After three days of military maneuvers known as Velayat 94, Iranian naval forces test fired the missiles on Friday. With a range of 93 miles, the Nour missiles proved to be both accurate and powerful.
Commodore Seyyed Mahmoud Mousavi, a spokesman for the Iranian Navy, told reporters that "the Navy’s vessels simultaneously fired surface-to-surface Nour cruise missiles and destroyed pre-determined targets and successfully accomplished this mission."
Speaking to reporters, Iranian Navy chief, Rear Admiral Habibollah Sayyari, added that the “proud move” by the Iranian Navy "strikes fear into the heart" of hostile enemies.
The missiles can be fired from land, as well as from naval vessels.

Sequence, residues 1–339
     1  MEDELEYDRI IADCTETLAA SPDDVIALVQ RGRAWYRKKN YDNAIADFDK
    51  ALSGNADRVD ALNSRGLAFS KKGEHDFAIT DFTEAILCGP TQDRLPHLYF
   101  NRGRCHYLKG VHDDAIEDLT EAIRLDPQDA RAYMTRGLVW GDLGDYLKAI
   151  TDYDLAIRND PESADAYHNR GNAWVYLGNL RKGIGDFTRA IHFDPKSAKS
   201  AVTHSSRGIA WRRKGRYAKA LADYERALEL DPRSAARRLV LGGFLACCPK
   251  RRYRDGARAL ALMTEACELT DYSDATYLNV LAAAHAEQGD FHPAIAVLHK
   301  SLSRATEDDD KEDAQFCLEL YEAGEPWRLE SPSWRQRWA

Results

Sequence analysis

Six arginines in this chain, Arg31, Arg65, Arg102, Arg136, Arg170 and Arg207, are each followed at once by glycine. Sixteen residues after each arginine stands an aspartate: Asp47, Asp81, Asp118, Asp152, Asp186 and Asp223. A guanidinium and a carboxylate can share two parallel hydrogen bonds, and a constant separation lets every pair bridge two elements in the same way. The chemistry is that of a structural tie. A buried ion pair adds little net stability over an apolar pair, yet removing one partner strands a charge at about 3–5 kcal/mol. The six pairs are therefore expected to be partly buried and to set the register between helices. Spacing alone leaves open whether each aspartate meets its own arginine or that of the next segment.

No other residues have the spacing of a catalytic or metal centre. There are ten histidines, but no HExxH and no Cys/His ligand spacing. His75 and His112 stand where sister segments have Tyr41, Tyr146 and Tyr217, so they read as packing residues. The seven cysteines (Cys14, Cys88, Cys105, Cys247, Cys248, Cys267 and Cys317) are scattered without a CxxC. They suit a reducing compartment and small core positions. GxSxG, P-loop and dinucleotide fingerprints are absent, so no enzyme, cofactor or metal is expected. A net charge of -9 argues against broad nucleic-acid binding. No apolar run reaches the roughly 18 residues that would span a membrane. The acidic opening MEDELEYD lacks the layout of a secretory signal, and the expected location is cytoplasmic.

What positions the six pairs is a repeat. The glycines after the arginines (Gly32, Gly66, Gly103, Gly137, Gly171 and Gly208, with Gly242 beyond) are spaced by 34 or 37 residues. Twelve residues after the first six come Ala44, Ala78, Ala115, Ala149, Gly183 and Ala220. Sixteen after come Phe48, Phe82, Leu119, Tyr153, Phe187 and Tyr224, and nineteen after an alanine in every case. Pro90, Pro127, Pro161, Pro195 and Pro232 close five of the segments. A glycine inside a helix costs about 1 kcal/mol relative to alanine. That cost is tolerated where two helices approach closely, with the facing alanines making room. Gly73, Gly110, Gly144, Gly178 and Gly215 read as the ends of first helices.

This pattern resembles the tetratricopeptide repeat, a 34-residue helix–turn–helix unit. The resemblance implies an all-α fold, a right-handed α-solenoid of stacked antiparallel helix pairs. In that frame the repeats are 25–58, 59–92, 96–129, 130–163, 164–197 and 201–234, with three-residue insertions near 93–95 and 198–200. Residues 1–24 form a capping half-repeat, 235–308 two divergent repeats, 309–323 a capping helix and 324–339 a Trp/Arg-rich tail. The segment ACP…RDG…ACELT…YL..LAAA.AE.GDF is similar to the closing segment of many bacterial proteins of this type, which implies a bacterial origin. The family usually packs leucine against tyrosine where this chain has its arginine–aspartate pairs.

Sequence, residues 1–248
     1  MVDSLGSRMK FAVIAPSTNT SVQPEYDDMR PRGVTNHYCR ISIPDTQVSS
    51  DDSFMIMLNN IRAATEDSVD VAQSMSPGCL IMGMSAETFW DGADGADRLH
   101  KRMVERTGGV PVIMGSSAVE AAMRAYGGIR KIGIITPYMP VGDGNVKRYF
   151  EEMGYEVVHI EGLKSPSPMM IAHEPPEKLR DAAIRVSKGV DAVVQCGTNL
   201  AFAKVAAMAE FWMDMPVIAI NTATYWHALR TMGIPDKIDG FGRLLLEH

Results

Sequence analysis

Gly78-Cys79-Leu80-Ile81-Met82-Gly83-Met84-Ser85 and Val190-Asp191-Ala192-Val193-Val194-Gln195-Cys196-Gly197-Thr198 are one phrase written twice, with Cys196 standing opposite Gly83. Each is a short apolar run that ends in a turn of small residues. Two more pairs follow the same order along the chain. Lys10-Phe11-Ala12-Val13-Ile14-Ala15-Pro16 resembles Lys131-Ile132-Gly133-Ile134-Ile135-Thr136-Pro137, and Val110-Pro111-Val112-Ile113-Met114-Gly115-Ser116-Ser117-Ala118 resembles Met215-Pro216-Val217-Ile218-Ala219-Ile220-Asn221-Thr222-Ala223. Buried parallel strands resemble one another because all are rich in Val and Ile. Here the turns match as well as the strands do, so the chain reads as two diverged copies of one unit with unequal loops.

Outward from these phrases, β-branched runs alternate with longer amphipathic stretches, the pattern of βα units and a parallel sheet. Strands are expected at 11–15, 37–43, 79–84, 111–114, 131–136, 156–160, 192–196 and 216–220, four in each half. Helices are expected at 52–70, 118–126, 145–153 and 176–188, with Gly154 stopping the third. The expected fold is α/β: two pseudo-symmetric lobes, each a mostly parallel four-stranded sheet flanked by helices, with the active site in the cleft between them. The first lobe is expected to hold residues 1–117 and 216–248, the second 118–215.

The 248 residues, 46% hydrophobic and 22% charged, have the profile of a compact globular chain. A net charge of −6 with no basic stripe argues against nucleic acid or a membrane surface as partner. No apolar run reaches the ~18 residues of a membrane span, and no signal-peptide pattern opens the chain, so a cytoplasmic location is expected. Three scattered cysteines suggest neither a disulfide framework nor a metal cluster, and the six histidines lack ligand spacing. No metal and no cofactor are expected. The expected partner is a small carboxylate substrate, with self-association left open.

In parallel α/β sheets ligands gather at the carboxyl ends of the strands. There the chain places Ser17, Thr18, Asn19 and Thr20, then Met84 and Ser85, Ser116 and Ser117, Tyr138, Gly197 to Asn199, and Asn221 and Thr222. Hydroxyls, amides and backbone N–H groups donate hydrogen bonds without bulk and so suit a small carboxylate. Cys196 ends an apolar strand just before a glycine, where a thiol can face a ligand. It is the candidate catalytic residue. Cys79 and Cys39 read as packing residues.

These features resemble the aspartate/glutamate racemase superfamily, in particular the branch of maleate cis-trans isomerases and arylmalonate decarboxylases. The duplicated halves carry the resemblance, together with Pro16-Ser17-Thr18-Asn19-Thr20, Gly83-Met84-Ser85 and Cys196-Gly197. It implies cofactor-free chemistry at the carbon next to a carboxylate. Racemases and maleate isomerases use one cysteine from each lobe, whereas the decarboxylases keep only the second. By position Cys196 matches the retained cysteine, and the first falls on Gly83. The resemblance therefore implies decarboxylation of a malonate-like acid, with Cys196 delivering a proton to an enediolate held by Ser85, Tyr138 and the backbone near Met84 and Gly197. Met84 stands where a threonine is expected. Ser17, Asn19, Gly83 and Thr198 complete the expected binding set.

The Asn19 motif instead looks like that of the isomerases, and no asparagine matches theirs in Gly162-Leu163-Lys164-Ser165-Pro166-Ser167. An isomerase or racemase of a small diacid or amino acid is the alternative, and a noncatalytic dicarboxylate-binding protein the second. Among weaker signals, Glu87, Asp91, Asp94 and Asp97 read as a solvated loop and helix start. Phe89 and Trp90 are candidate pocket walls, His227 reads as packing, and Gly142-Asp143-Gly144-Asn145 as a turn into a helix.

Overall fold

The four-day annual exercises began on Wednesday in the waters east of the Strait of Hormuz.
"The drills are aimed at showing to the people of the entire world the Islamic Republic of Iran’s competence and authority in establishing security and defending the country’s maritime borders across seas, especially in the Strait of Hormuz, the Sea of Oman, and northern Indian ocean," Sayyari said.
The drills, Tehran’s largest naval exercise, faced a minor setback on Wednesday when Iran was forced to address the presence of a US warship approaching the operation zone.
"As we anticipated that the Americans may approach the drill zone to learn about our tactics, we warned them once by maritime patrol aircraft and again by the Alborz destroyer," Sayyari said in an interview with Fars News Agency.
The US vessel left the area, "accordingly."
The Iranian Navy also conducted drills in the Sea of Oman last November. These exercises included the use of sophisticated submersibles, including the submarines Tareq and Ghadir.